As our series on mutual funds continues, they are probably sounding like a pretty good way to save and invest, but remember there are always at least two sides to every story, so let’s now examine the disadvantages. The biggest disadvantage of using mutual funds for your investments is the range of fees they charge and expenses they accrue to manage the fund. These costs can significantly reduce your earnings. 1.5% costs may seem small, but if a mutual fund had a 7.5% total return, then its 1.5% expense ratio would reduce your earnings by 20%.
Continuing our discussion of mutual funds, let’s review their advantages. Investing in mutual funds is easier, less risky, takes less time, and costs less cash than investing in individual stocks or bonds.
Family members have been having smartphone issues and here are some money saving tips I have learned. New phones can be as expensive as PCs and laptops, perhaps not surprising since they are mini-computers with phones, flashlights, compasses, GPS features, alarm clocks, and media players, but not the kitchen sink thrown in. You have probably heard that a smartphone has more computing power than the Apollo moon rocket. So when something goes wrong, it often pays to fix it rather than junk it.
In our last blog post we discussed the fundamentals of investing based upon risks versus rewards. Now we can move into the interesting topics dealing with what kinds of investments should we consider. Let’s skip over stocks and bonds with just the simple point that while there are many kinds of each, in general, long-term investors buy some of each so they can combine the relative safe, but low yielding bonds with the potential for bigger rewards, but more volatility from stocks. Buying a number of different investments, especially both stocks and bonds, provides diversification with the goal that if one investment or type of investment is doing badly, the others will be doing better. How you diversify your savings among different investments is called asset allocation. The easiest way to get a wide range of diversification is to invest in mutual funds and exchange traded funds. Today let’s begin discussing mutual funds and cover what they are and the types.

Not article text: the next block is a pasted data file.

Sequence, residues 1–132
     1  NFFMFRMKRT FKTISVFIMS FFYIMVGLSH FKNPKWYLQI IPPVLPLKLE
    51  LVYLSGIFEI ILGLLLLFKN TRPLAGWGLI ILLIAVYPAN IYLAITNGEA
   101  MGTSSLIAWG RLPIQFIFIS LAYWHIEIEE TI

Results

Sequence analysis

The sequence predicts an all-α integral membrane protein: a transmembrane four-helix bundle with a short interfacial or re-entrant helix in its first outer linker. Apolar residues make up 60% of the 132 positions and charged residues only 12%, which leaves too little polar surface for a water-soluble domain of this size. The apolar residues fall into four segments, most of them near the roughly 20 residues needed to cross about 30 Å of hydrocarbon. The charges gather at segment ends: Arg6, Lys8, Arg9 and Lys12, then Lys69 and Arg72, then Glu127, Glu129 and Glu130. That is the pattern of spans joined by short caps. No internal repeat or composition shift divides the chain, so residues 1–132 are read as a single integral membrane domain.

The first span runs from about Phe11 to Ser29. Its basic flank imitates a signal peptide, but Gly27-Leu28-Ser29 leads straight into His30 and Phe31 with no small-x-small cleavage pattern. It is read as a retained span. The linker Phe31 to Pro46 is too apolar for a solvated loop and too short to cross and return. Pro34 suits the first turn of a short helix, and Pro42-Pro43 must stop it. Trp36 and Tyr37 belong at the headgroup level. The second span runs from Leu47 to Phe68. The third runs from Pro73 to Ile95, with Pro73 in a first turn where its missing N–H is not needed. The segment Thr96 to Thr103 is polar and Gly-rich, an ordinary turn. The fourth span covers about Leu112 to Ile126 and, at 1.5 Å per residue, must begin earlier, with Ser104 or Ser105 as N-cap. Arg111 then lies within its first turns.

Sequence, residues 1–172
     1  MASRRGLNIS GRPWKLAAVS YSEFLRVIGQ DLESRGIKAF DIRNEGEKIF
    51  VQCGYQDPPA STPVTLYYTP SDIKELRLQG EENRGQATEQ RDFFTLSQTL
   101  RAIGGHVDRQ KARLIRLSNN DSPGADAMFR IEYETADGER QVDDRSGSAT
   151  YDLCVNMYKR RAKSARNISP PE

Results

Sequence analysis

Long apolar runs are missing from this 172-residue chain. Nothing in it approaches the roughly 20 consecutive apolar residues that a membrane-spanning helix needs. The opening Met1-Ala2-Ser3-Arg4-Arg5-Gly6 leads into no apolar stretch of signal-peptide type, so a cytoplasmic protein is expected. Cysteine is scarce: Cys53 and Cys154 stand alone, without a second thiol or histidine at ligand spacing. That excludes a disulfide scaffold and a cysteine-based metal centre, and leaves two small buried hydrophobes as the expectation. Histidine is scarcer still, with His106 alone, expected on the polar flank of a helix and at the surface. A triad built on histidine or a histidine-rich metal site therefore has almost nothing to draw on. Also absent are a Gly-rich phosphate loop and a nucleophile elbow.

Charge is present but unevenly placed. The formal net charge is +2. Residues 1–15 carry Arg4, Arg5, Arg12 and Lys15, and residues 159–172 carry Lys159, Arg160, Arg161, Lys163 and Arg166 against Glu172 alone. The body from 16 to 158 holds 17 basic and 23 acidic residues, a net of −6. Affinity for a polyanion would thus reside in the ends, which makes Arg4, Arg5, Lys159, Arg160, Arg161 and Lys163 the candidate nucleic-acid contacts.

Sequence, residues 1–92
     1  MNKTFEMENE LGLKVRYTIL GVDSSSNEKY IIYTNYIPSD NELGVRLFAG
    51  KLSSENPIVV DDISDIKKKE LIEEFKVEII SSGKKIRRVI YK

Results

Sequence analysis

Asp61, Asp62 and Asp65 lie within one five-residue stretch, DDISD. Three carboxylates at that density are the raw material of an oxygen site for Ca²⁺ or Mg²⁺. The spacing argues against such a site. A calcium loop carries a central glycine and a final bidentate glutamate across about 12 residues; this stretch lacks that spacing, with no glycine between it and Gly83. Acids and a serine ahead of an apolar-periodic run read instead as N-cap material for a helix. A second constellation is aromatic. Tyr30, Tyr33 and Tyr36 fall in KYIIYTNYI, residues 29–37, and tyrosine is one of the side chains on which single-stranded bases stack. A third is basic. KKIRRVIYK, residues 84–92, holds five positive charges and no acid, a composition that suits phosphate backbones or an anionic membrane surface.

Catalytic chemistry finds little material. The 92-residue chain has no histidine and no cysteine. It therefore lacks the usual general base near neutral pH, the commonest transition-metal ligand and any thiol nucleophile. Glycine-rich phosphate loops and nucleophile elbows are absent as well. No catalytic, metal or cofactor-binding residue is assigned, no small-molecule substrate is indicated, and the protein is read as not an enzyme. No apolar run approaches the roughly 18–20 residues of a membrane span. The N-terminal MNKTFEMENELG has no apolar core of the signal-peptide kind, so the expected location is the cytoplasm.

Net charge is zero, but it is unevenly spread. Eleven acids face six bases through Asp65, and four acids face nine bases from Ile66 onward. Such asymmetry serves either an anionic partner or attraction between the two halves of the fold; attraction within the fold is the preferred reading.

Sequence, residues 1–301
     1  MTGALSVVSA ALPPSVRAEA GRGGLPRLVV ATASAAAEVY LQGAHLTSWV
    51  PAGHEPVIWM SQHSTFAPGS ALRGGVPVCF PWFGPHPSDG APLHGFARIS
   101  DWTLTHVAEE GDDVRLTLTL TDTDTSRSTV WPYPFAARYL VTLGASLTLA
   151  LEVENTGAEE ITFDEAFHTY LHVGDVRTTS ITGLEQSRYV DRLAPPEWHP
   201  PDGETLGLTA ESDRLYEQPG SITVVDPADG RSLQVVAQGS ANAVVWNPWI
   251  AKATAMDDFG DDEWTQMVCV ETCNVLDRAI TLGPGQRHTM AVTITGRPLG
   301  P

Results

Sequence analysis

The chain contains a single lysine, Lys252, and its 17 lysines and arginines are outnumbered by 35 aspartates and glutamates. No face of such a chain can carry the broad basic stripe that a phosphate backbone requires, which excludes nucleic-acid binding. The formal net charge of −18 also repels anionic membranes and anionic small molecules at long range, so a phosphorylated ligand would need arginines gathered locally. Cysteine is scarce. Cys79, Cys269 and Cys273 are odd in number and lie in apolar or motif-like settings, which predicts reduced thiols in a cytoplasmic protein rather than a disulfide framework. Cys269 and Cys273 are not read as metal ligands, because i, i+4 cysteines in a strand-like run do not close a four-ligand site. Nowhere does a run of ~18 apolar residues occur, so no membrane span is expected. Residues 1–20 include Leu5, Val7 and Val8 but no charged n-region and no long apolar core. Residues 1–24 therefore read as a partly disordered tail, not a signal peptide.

Let’s move into a new topic we haven’t explored in detail before – investing. This will help with our two New Year’s resolutions dealing with saving for goals and make investing easy. Your different savings goals need different investments. Your short-term savings like emergency fund and home down payment should be in safer investments such as a savings account, certificates of deposit, or money management fund; while your long-term investments like retirement and college savings should be in higher paying investments like stocks, mutual funds, and ETFs. Why? Because of the trade-off between investment risks and rewards. So before we get to the fun stuff of how to pick investments, let’s explore the fundamentals that should guide our investing.
In my last post, I discussed why doing a budget makes your other personal finance goals easier, how to do one the easy way, when to update it as your finances change, and resources to get you started. Today, let’s conclude the budget topic with tips and tools for sticking to a budget.
I have proposed four New Year’s resolutions that are achievable and will improve your financial future. I have included strategies and tips to help you follow thru with them past your first month so they become part of your personal financial foundation for life. Now let’s discuss a tool that will make it even easier to follow thru with two of the principles: “living within your means” and “saving towards your goals by paying yourself first with auto-pay”. That all important tool is commonly called a budget, but let’s call it your “money management plan” so I don’t frighten people off before we even get started. I will show you how to make budgeting easy.
Many people shy away from budgets as too much work or from too little knowledge, so why go to all that trouble? Because a money management analysis or budget gives you the hard data you need to live within your means, identify areas for potential savings, match what you should do with what you currently do, make hard choices about how to meet priorities, find areas to economize, determine how much you should be able to save in key areas, identify “wants” and “needs”, and figure out whether you can afford that next big expense. Would you start a new trip without a map or GPS? Well a budget gives us a similar tool to help ensure our financial journey will go well, too.
This is my recommendation for your fourth New Year’s personal finance resolution. “Avoid paying full price” is the most fun and easiest. Even better, it makes our other three resolutions much easier. The more you spend wisely, the more money you have for living within your means, saving towards your goals, investing, and of course paying off debts. It means adopting this as a mindset whenever you are spending money, following strategies to make it happen, and reviewing my tips for buying certain stuff. I have already written about these with many more to come, so see the following blog posts:
This is our third of four recommended New Year’s resolutions that together form the foundation of the Financial Guide to Life personal finance principles. Investing is a big topic that we will cover more thoroughly in the future, but for now let’s explore how easy it can be if you choose. Investing can be as complex or easy as you choose and for most of us, complex does not mean richer. You may not think you have enough money to “invest”, but if you have savings that aren’t buried under the mattress or in the back-yard, then you are investing it. Your emergency fund is likely invested in a low risk/low rewards savings account while most people (and all young people) should have their retirement savings invested in higher risk and reward investments.